Tuesday, November 25, 2008

These lies come from somewhere

Never have I watched so much CNN in my life. It started with the election, but now that the prospect of hearing the (future) president speak doesn't fill me with the same emotion as nails on chalkboard, I've been tuning in on a more regular basis.

I like the reporters a lot--they seem to have personality and aren't afraid to show it on air, be it airing their views as Republicans or Democrats or weighing in on what kind of puppy the Obama girls should get.

One thing I don't like is the tendency to have 25 'coming up next' previews before actually showing the story.  Yeah, I know all news channels do this, but CNN seems to have raised it to a high art of annoyance.

Tonight the big delayed story was all about Michelle and how she's single handedly going to remake the image of black women in America.  Funny thing is, they spent one part of the story playing every clip they could find from any movie where Eddie Murphy or Tyler Perry ever put on a dress and a fat suit, decrying the "stereotype of black women as overweight and loud," (which frankly, just reminded me of most family holidays I've ever had, but I'm not supposed to say that out loud...).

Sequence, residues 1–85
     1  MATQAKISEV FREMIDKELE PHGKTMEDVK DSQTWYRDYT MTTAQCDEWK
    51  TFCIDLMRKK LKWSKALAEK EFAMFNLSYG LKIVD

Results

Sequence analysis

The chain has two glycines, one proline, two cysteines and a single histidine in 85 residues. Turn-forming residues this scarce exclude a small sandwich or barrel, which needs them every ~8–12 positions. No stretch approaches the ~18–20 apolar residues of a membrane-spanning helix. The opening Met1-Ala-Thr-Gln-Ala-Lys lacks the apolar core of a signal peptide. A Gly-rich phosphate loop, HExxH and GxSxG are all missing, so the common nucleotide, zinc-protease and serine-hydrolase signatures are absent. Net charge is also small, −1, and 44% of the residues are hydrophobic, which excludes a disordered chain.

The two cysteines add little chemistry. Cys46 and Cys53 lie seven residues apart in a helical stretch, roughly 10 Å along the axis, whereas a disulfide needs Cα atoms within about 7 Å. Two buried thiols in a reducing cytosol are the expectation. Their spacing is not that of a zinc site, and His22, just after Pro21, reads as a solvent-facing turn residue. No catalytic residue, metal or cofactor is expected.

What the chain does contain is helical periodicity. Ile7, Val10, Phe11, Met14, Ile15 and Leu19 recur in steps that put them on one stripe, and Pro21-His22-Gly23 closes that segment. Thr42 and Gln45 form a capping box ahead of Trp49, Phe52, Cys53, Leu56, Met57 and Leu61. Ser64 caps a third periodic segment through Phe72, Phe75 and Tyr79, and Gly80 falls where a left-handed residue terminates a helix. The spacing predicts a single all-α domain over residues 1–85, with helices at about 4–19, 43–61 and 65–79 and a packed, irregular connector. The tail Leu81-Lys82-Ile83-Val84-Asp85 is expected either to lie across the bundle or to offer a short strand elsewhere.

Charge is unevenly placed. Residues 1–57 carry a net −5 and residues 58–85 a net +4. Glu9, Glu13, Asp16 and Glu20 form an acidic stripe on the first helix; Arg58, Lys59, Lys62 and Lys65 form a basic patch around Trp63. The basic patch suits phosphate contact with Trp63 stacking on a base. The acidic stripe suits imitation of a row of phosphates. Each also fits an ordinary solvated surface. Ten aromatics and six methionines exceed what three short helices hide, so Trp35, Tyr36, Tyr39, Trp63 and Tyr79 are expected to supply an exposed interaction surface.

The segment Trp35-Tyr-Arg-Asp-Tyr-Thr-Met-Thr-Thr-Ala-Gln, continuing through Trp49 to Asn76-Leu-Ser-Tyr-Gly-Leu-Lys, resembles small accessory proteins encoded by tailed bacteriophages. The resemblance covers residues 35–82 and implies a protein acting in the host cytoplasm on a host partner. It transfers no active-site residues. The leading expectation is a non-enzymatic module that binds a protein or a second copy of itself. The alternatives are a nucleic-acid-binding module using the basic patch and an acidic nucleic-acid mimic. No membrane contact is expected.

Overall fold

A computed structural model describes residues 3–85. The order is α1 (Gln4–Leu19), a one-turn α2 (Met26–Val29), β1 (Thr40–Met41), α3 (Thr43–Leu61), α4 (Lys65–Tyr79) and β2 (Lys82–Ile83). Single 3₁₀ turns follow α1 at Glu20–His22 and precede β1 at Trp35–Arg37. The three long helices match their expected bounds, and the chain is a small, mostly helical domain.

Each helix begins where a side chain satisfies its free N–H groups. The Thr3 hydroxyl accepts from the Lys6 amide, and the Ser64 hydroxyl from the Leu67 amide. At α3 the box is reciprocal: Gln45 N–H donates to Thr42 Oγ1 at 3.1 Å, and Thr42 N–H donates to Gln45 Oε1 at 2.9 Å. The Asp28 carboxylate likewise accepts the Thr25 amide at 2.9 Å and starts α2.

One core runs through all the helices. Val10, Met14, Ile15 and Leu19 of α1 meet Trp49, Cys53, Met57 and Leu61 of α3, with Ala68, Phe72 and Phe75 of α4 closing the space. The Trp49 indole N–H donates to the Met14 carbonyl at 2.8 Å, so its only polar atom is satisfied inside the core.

Then, right after the break, they had Faye Wattleton on talking about how Michelle works out and keeps herself together, without looking scarily and unattainably thin--which will be a great example for black women because (insert statistic about the huge percentage of black women who are overweight--no comment on whether they're loud too).

CNN, I say to you, MAKE UP YOUR MIND ALREADY!!  Are these pernicious rumors about the supposed obesity of black women (which by the way, we certainly don't have a monopoly on), vicious stereotypes or unfortunate statistics?

I suspect, as usual in these cases, it's a little of both.  In any case, it couldn't hurt if Michelle inspires a few folks of whatever race, size or genders, to move a little more.

This morning I was on my way to school and I pulled up behind a black woman on a bicycle at the stoplight.  She was riding an old rigid mountain bike and rocking some red shorts over blue tights, super-hero style.  She had a helmet,which was a nice change from a lot of the neophyte cyclists I see every day.

Not surprisingly, when she looked back and saw me, she asked, "What's your name?"  I assumed that meant we'd met before, which it turned out we had.  She came to a beginner bike clinic for black women that a friend of mine put on.  I went and gave a few tips on commuting, riding in traffic, maintenance, etc.  And now, here she was taking to the streets.  Considering how many people I talk to who give lip service to wanting or wishing they could bike more, I was pretty thrilled. (The credit goes to Deborah for organizing the workshop!).

See, it's started already.

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